There are regulations to expose money laundering, but are the banks enforcing these effectively?
French author Francois de la Rochefoucauld once said: “The only thing that should surprise us is that there are still some things that can surprise us”.
Thus, in a nation where scams and scandals scarcely raise an eyebrow any more, it was still surprising when a sting operation by an online agency revealed that a number of private banks are indulging in money-laundering.
The banks charged with providing conversion routes for black money have gone into damage control mode and acted along expected lines — suspending a few employees guilty of the offence, ordering a forensic audit and issuing defensive and protective statements.
The investigation suggests the banks stuck to tried and tested methods — opening accounts in multiple names, accepting long-term investments that would not attract too much attention and taking demand drafts from cooperative banks or lesser-known banks, also to stay under the radar.
It is not the case that banks have no regulations in place to expose money-laundering activities. The Reserve Bank of India (RBI) has been on top of this for some time now.
Earlier this financial year, the RBI issued an important circular that covers Know Your Customer (KYC) norms, Anti-Money Laundering (AML) standards, Combating of Financing of Terrorism (CFT), and Obligation of Banks under PMLA (Prevention of Money Laundering Act), 2002.
The Circular (RBI/2012-13/45 DBOD. AML. BC. No. 11/14.01.001/2012-13) states that banks can effectively control and reduce their risk only if they have an understanding of the normal and reasonable activities of the customer, so that they can immediately identify transactions that fall outside the regular pattern of activity.
However, the extent of monitoring will depend on the risk-sensitivity of the account.
Banks should pay special attention to all complex, unusually large transactions and all unusual patterns that have no apparent economic or visible lawful purpose.
Banks may prescribe threshold limits for a specific category of accounts and pay particular attention to the transactions which exceed these limits.
Transactions that involve large amounts of cash inconsistent with the normal and expected activity of the customer should particularly attract the bank’s attention. A very high account turnover, inconsistent with the size of the balance maintained, may indicate that funds are being ‘washed’ through the account. High-risk accounts have to be subjected to more intensive monitoring.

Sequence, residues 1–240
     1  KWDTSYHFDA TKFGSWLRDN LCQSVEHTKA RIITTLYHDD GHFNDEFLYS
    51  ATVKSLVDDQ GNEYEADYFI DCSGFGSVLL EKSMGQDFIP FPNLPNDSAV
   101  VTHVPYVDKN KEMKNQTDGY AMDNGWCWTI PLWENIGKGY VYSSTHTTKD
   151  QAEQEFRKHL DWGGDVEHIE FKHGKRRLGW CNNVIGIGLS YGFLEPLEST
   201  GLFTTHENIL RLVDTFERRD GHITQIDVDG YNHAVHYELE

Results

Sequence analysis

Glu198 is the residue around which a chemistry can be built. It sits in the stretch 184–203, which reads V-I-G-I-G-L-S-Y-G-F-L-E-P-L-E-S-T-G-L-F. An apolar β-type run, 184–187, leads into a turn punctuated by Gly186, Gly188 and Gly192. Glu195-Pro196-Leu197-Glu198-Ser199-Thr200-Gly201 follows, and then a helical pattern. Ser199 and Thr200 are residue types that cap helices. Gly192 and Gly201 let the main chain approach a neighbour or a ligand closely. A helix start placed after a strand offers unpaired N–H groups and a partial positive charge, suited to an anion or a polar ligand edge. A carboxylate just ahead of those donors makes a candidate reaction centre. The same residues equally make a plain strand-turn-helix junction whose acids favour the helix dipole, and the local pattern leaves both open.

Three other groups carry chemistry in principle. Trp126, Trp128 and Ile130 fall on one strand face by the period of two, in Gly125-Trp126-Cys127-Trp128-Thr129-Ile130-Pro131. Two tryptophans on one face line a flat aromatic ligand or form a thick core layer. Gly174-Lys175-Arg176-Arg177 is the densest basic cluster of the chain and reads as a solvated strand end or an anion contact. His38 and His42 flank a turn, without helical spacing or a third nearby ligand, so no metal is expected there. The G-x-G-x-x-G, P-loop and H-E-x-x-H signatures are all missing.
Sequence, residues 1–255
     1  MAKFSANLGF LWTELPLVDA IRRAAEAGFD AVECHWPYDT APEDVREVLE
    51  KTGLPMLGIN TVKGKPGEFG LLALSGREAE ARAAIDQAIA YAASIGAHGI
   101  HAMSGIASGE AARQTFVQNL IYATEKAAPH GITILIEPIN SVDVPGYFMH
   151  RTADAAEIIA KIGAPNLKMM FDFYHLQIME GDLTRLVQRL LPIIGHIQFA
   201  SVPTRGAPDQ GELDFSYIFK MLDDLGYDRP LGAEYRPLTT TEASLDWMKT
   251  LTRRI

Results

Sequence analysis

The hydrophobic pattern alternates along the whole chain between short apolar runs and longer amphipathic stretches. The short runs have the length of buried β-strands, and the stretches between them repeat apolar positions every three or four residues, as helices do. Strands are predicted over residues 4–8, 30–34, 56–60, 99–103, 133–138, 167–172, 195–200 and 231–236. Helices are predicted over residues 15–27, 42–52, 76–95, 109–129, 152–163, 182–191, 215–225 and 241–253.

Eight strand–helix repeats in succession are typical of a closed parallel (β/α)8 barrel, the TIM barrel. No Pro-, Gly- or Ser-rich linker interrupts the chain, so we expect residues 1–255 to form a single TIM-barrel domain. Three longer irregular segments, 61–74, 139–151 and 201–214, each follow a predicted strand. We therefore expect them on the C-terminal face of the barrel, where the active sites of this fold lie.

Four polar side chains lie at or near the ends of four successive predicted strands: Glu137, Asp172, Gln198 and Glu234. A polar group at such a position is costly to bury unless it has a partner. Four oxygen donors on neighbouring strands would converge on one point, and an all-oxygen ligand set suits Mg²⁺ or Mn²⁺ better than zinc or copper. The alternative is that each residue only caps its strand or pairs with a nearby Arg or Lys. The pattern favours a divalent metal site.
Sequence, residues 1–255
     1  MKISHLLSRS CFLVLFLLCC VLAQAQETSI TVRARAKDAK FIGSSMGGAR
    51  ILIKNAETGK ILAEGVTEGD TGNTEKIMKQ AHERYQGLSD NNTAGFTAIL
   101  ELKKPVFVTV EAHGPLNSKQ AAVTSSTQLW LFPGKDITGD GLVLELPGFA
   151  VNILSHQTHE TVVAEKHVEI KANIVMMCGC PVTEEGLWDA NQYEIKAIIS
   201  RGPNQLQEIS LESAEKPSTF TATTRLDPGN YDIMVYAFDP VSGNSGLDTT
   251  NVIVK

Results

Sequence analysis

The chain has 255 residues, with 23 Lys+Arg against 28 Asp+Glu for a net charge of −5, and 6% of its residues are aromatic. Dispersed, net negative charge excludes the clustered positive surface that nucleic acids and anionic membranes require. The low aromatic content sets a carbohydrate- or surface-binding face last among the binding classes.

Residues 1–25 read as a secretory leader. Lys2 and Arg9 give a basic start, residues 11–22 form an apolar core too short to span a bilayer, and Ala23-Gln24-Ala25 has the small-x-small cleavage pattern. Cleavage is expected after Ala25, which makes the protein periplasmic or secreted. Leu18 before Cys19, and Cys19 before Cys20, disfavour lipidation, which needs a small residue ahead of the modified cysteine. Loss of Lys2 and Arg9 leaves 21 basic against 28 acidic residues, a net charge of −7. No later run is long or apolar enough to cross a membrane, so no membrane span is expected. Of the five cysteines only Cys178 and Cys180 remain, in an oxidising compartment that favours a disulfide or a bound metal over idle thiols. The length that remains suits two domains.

Every bank should set key indicators for such accounts, taking note of the background of the customer, such as the country of origin, sources of funds, type of transactions involved and other risk factors.
High risk associated with the bank accounts of bullion dealers (including sub-dealers) and jewellers should be taken into account by banks to identify suspicious transactions that may warrant the filing of Suspicious Transaction Reports (STRs) to the country’s Financial Intelligence Unit (FIU)
Banks should put in place a system of periodical review of risk categorisation of accounts and the need to apply enhanced due diligence measures. Such review of risk categorisation of customers should be carried out at least once every six months.
In addition to the above, the central bank mandates that banks must generate a Suspicious Transaction Report (STR). Suspicions transaction means a transaction, including an attempted transaction, whether or not made in cash which, to a person acting in good faith,
(a) gives rise to a reasonable ground of suspicion that it may involve proceeds of an offence specified in the Schedule to the Act, regardless of the value involved; or (b) appears to be made in circumstances of unusual or unjustified complexity; or
(c) appears to have no economic rationale or bonafide purpose; or
(d) gives rise to a reasonable ground of suspicion that it may involve financing of the activities relating to terrorism.
Banks in India have internal controls, internal audit and supervisory departments.
The latest expose reveals that the custodians at the gate — supervisors at the banks — may not have been carrying out their policeman’s role effectively.
Their task can be simplified and boiled down to the good old auditing technique of exception reporting — raise a red flag on anything that is out of the ordinary.
Probably the lack of a historical precedent — wherein the harshest form of punishment has been meted out to persons involved in money laundering — has made some of these custodians complacent. The latest episode should hopefully be the beginning of a new alertness and better monitoring.
(The author is Director, Finance, Ellucian. firstname.lastname@example.org)